Essential fatty acids, or EFAs, are fatty acids that humans and other animals must ingest because the body requires them for good health, but cannot synthesize them.

Marine animals are high in EFAs, so many EFA supplements are sourced from them. This includes salmon and krill.

Unfortunately these animal sources are also likely to contain higher amounts of toxins. For this reason a decades-long debate has emerged over whether animal or plant-based EFA sources are best.

Plant-based EFAs can also be sourced from the ocean, such as algae; however, there are also many other sources of vegetarian EFAs. The list includes flax, borage, hemp, chia and even walnuts.

One argument made against plant-based EFAs is that they are not as efficacious as animal sourced products; however, a number of studies have illustrated this is not the case. Now a new study is adding to the evidence that plant-based EFAs are not only safer, but also just as effective.

Study details

The study, which researchers termed “a prospective, randomized, double-blind, 4-arm parallel-group study,” was sponsored by supplement manufacturer Nutriterra. The study was approved by the Canadian Shield Ethics Review Board and Health Canada’s Natural & Non-Prescription Health Products Directorate, and was conducted by contract research organization Nutrasource.

The study was conducted at a Canadian clinical research site in Guelph, Ontario, and results were published in Frontiers in Nutrition in March 2022.

The study included 132 healthy adults, aged 18–80 years of age. The study period was for 16 weeks, during which test subjects were given a vegetarian-sourced EFA product, or a placebo containing corn oil. The EFA product included all three Omega-3 fatty acids—DHA, EPA, and ALA.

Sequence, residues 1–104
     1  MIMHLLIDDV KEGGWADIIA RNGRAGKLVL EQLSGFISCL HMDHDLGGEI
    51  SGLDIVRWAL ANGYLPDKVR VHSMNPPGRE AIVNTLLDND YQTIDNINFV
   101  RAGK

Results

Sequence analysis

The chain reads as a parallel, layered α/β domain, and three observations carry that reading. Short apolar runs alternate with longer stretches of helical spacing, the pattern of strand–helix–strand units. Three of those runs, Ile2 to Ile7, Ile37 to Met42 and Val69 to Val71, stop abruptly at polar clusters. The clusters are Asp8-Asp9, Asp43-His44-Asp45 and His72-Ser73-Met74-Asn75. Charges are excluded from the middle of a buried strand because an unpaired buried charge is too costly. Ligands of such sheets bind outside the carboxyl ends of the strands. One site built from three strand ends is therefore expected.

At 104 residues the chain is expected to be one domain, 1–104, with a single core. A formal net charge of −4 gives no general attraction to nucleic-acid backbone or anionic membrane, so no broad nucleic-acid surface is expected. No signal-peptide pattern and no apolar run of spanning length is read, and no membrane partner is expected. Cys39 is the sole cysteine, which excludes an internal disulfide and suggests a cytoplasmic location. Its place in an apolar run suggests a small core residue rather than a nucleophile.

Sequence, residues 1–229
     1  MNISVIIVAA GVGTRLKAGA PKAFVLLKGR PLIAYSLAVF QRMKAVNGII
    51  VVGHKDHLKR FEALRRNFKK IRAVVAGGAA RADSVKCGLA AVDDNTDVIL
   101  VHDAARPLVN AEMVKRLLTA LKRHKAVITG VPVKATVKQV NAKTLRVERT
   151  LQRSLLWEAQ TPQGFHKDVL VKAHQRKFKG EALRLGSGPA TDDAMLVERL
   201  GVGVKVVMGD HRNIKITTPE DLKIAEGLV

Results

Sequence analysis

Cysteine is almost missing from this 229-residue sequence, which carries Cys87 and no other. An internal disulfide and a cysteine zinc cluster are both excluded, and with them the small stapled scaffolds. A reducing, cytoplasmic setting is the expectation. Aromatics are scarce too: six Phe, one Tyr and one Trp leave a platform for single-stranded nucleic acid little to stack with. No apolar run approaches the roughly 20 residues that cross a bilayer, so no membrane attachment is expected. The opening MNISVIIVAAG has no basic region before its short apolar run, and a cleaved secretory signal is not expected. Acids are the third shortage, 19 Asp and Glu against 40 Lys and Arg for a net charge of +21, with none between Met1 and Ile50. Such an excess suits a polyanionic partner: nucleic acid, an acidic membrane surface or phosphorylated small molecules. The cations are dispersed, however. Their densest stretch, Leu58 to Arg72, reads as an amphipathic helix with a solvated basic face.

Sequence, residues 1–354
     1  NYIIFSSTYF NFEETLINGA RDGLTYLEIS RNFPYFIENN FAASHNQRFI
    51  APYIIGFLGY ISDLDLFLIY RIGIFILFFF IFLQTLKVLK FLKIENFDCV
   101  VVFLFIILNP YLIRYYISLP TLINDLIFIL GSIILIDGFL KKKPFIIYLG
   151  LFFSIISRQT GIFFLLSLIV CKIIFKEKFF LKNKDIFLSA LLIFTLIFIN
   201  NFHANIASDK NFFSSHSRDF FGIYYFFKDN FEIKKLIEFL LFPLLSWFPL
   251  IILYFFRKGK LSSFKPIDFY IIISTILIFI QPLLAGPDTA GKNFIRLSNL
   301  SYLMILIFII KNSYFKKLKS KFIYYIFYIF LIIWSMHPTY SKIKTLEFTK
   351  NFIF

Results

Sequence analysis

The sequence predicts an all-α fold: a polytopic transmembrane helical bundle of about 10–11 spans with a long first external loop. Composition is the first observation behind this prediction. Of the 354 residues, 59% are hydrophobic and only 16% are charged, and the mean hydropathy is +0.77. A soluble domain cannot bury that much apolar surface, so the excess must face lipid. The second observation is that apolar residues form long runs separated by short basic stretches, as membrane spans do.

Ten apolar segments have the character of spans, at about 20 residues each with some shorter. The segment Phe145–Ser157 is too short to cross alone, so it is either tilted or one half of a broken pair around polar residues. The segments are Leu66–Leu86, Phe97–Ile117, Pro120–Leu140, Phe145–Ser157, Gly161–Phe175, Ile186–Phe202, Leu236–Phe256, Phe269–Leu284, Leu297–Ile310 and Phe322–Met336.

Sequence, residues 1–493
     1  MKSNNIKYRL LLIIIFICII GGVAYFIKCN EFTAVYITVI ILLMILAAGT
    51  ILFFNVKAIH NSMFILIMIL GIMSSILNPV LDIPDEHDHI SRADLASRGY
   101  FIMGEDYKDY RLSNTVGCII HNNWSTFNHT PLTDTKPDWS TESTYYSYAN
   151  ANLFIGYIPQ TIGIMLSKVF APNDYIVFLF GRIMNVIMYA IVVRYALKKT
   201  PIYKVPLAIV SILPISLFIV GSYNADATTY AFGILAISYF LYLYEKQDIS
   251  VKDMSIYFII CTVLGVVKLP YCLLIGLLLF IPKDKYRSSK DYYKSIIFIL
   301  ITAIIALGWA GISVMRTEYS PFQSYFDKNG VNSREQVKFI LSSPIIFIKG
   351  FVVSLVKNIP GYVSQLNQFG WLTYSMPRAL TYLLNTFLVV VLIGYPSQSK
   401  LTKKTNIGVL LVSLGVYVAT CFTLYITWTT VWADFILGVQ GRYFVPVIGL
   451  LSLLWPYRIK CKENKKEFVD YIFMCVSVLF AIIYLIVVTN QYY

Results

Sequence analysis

Throughout the study duration, the researchers measured blood lipid concentrations of EPA, DHA, and ALA through two testing methodologies—OmegaScore and the Omega-3 Index.

Researchers found the EFA-dose group benefited from significant improvement in omega-3 status. The improvement was demonstrated in both testing domains to levels that are consistent with those correlated with cardiovascular and cognitive health benefits in prior research.

The authors of the study also reported that the supplement ingredient had a strong safety and tolerability profile, and that the omega-3 fatty acids DHA, EPA, and ALA were all readily absorbed and present in blood lipids.

Sustainability aspect of study

Researchers noted that the growing demand for EFA is already placing an enormous strain on the world’s oceans, and is not sustainable for the long-term. For this reason organizers of the study were endeavoring to determine whether land-grown plants were able to provide the same EFA benefit. So, for the current study, EFA was sourced from a species of canola into which omega-3 genes of microalgae had been transferred, making it the first land-based source of EPA and DHA.

“The global demand for omega-3 fatty acids, which exceeds 1.27 million tons per year, cannot be met by current ocean-based supplies,” the authors of the study said. “Notably the highest dose of omega-3-rich canola oil used in the present study provided 360 mg DHA and 20 mg EPA, thereby highlighting its potential to help fill in the supply-demand gap.”

In the future the EFA debate may move away from plants and animals to a different angle: whether gene-manipulated “land” plants are as good as “ocean” plants.

In the meantime, the current study corroborates earlier findings that plant-based EFAs are safe and effective.

All three Omega-3 essential fatty acids can be found in Optimal E.F.A. by Optimal Health Systems:

A-linolenic acid (ALA)
Eicosapentaenoic acid (EPA)
Docosahexaenoic acid (DHA)

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Sources: Frontiers in Nutrition.